• Everyone has their fingers in the pie why not working people who deserve the increase as there has been no significant wage increase for years.
  • It is only a relatively small increase.
  • Not sure that it matters given that it won't help the unemployed in any case.
  • Apart from low income earners paying less than 15% tax, experts suggest we should be aiming to save 15% for retirement.
  • I'll gnaw my own left testicle off on the day I hear the BCA or Morrison Government bleat anything other than "Tax cuts for business and wage freezes". The saddest thing of all in their bleating is that they know full-well (they're not stupid) that what they advocate does precisely zero for Australia and society, and plenty for the already-well off.
  • It seems ridiculous to put money in one pocket and take it from another.
  • For most there is always the capability to add to concessional contributions above the minimum in any case
  • people need wage increases but they also need to paying 12% of their wages over their working lives to go near enough super
  • Like everything in life you won’t recall this lift in 20 years’ time.
  • it has been delayed way too long already. The time is never right so just get on with it. And don't stop at 12% keep going until at least 15%.
  • Employers cannot constantly be paying unearned income to employees for ever increasing compulsory contributions
  • Don't understand 2nd possible response. Surely with increase in SGC it would come off available wages and be LESS money in pockets (until Retirement of course)
  • Salaries are not going to increase even if SG remains unchanged
  • Delay until recovery is evident. The latest economist highlights material negative GDP growth in 2020 (90% of over 40 countries listed pg 72). This is with the benefit of significant government intervention. Hard not to be gloomy about 2021. Government should defer until global recovery evident.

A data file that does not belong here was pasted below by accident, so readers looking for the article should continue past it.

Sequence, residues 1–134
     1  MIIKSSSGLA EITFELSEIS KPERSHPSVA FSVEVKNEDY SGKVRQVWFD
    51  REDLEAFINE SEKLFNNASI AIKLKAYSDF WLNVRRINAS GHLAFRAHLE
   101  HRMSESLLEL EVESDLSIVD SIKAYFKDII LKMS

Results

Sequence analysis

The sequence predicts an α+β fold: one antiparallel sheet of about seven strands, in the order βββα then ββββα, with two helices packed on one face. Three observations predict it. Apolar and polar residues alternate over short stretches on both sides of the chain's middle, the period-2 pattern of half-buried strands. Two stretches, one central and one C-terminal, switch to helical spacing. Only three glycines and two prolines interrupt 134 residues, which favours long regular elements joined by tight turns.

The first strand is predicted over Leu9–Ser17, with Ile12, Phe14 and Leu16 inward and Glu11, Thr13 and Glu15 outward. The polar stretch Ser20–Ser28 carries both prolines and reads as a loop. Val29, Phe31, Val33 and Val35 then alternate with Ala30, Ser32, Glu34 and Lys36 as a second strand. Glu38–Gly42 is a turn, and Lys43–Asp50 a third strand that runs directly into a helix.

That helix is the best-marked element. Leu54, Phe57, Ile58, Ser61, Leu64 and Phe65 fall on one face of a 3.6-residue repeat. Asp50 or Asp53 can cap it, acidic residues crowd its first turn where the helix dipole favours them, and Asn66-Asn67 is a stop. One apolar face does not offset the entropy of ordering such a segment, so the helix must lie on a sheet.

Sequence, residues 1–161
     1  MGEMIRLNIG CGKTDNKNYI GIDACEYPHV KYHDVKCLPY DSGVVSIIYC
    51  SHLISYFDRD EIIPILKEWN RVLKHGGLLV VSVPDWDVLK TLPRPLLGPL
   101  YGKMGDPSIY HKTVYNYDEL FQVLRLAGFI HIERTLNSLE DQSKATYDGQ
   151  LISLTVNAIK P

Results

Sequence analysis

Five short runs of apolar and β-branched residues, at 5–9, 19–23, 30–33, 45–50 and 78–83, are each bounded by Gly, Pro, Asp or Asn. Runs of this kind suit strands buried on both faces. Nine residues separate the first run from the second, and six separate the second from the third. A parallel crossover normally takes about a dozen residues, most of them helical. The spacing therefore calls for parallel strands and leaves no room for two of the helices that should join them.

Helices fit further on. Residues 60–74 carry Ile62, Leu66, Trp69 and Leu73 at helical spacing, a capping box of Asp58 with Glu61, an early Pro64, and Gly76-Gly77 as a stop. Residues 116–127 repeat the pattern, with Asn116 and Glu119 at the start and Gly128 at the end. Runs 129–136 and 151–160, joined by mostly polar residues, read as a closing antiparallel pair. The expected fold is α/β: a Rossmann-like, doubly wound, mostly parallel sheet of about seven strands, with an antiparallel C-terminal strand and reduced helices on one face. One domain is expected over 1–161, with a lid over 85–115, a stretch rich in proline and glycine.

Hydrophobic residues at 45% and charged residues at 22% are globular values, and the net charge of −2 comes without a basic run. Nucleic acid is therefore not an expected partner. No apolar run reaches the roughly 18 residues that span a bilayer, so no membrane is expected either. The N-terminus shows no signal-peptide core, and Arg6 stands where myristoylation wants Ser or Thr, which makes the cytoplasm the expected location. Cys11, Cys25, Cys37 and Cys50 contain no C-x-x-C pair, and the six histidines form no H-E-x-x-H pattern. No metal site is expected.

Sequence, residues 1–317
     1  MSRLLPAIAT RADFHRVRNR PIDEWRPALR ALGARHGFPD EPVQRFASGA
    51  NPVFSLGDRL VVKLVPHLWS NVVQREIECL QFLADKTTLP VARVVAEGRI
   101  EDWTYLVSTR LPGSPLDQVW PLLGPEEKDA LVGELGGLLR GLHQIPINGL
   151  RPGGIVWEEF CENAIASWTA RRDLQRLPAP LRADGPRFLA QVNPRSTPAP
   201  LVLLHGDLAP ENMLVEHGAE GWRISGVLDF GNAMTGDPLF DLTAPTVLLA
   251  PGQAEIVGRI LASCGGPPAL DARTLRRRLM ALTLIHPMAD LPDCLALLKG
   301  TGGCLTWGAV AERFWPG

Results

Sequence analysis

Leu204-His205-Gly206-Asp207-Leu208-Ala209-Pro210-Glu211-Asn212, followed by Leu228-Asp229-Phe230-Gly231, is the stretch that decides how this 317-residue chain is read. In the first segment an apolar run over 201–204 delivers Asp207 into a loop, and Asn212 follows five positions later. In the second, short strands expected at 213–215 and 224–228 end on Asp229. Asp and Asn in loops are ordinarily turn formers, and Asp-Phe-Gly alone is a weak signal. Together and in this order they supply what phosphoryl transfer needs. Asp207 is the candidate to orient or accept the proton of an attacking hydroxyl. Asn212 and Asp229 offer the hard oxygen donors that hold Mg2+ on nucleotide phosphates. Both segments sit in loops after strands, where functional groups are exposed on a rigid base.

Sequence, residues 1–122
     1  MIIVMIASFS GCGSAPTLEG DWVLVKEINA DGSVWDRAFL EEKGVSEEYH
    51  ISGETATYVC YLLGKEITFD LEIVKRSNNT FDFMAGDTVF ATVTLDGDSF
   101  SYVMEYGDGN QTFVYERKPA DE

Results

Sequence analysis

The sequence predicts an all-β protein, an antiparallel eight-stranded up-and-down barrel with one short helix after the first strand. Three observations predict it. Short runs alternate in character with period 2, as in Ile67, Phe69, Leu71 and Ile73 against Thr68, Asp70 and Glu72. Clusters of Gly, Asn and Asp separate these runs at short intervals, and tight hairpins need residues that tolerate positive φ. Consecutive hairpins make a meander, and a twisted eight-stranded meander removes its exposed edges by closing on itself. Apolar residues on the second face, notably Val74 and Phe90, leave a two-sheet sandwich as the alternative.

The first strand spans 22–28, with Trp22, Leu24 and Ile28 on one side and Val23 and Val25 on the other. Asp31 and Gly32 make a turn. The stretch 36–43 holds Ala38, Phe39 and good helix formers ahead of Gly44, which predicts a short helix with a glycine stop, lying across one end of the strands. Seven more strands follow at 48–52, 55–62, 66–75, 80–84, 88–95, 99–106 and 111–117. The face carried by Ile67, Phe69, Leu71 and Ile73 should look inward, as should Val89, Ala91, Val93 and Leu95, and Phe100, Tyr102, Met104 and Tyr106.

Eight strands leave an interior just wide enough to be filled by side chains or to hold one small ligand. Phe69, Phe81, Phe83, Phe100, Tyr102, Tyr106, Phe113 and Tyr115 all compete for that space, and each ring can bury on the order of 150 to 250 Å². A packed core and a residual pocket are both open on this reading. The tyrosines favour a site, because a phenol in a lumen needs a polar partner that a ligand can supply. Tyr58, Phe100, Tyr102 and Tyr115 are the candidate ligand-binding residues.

• This really depends on the state of the economy in July 2021. I don't have a crystal ball.
  • The increase should be delayed, not cancelled. Suggest delay until 1 July 2022, with other increases to take effect as legislated.
  • How can anyone in politics can even suggest to delay the increase of super when pollies receive 15% in super. They have no moral basis to delay this increase.
  • It's a long-term goal that shouldn't be impacted by short-term events
  • 0.5% is minimal and manageable and it has been delayed already so it is due. Further increases should be reconsidered though.
  • With a population growing older, not increasing compulsory super contributions is only going to increase welfare spending in the future. An increase in super should only put the country's finances into a better position going forward. And it allows a better retirement lifestyle for everyone...
  • Superannuation contribution taxes are already unfair on low income earners, as they often pay as high an effective tax rate on contributions than if they had kept the money, due to SAPTO, LITO etc. They live shorter lives than average due to poverty, so let the poor buggers have their money now.
  • Any notion that people will end up with another 0.5% in their pockets is ideological twaddle that ignores evidence.
  • 12% seems like a reasonable number. Certainly not on the high side. Every cent not saved now is a future government liability and a future debt for our kids. And it is only 0.5% per year! Wage increases, inflation, wealth effects, taxation are all way more significant.
  • As Keating so succinctly pointed out there has been little wage growth over the last decade ...and I expect little over the next so at least there is some improvement for workers with compulsory super
  • I very much doubt employees would get the extra 0.5% in their pay, companies will not pass this on as normal income. At least lifting the SG will make sure the money gets into an account in their name.